City Council quickly reverses Downtown development moratorium

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July 9, 2002 // UPDATED 1:26 pm - April 30, 2007
By: Kevin Featherly
Kevin Featherly

A year-long development moratorium in the Downtown East and North Loop areas enacted by the City Council was unanimously reversed July 12 after just two weeks.

In June, the council approved without discussion the moratorium, which froze all commercial, residential and industrial development. The goal was to assure that new development fits with Downtown light rail and an ongoing master planning process.

Because of special rules for such "interim ordinances," the moratorium went into effect the instant the council uttered its "ayes."

That didn't sit very well with developers, architects, real estate agents and others who either have projects or plan to have projects in the area. About a dozen people complained at a July 11 public hearing that they received no notice of the move and had no chance to give their input.

Planning Department engineer Jack Byers said the year-long moratorium would have given city planners a chance to wrap up the master plan and allow the council time to approve necessary zoning changes.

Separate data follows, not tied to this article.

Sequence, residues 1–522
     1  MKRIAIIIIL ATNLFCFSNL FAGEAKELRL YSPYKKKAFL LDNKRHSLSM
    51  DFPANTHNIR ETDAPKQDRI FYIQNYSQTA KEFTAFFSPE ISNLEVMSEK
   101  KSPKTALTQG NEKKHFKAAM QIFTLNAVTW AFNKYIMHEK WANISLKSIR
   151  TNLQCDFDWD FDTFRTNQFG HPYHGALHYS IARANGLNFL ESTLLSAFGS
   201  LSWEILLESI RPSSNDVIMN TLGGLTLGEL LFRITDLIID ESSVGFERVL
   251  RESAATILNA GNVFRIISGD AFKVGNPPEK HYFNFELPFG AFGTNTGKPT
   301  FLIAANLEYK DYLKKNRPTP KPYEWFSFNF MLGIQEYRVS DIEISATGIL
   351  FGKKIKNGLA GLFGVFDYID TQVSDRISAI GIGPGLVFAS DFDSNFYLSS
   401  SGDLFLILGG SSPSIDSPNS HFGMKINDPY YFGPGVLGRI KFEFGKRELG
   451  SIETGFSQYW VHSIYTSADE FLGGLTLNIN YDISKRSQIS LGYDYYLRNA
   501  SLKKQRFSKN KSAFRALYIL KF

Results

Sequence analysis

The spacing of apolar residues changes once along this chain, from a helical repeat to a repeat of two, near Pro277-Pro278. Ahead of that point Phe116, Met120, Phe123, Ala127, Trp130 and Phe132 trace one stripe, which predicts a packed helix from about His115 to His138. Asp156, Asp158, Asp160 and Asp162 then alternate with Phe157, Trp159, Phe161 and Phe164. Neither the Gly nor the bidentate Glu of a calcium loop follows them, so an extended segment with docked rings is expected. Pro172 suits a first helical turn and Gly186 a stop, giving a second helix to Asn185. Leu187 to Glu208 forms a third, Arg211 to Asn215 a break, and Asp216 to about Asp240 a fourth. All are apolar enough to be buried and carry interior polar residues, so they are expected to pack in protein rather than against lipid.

Many speakers at the July public hearing said a moratorium only stood in the way of planned projects already in conformance. A freeze would only drive away solid neighborhood development, defeating the master plan's real purpose, they said.

The moratorium allowed waivers, but developers complained that process would merely slow down or even kill off important projects.

"Two weeks [or] two months may not seem like too long in terms of the long-term planning process of the city, but in today's market, it's an eternity," said Robert Mortenson of Steilow Properties, an area property owner. "You just can't put people off for two weeks. There are too many opportunities."

Peter Solac, owner of Woodland Stoves and Fireplace, 1203 Washington Ave. S., said the ordinance would prevent him from making improvements to his business.

"I'm not going to sit in front of bulldozers to stop progress," he said. "But to be hamstrung in a position where you can't sell and you can't improve and you can't grow and you can't move is a very difficult position to put anybody in."

David Fields, a member of the Elliot Park neighborhood board, said the moratorium would have sent a message that Downtown master planning must be taken seriously by builders. However, he acknowledged that it was "almost too heavy-handed," and "does send out a hostile message."